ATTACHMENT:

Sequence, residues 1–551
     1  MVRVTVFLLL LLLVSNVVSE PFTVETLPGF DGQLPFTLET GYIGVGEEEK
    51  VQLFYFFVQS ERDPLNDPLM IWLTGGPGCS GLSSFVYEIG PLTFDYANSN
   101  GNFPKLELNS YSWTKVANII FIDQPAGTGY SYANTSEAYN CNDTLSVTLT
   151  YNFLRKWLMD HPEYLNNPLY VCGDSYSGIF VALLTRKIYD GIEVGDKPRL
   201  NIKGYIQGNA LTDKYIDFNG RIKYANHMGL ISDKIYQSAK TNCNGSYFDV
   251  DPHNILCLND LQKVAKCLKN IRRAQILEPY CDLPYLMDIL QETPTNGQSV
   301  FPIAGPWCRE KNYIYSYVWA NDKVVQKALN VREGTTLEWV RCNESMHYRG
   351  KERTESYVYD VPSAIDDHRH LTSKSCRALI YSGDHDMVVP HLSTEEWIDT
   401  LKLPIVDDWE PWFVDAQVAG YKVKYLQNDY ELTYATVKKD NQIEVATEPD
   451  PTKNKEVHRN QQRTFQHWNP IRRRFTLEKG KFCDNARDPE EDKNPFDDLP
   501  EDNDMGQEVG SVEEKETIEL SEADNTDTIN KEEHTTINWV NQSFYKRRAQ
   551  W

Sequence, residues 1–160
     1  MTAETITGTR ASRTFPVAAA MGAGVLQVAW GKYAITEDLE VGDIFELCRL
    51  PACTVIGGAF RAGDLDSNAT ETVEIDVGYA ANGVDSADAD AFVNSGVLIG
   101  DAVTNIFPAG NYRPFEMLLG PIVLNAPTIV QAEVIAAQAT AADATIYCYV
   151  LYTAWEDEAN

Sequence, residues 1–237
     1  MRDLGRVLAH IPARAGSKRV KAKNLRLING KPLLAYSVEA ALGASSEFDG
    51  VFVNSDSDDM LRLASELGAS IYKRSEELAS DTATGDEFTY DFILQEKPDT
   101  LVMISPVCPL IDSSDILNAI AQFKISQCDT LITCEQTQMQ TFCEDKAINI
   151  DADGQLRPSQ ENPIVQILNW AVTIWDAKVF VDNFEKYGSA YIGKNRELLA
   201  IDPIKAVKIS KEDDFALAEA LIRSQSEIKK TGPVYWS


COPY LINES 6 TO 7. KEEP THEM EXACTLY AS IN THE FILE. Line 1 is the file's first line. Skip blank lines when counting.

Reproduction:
   201  NIKGYIQGNA LTDKYIDFNG RIKYANHMGL ISDKIYQSAK TNCNGSYFDV
   251  DPHNILCLND LQKVAKCLKN IRRAQILEPY CDLPYLMDIL QETPTNGQSV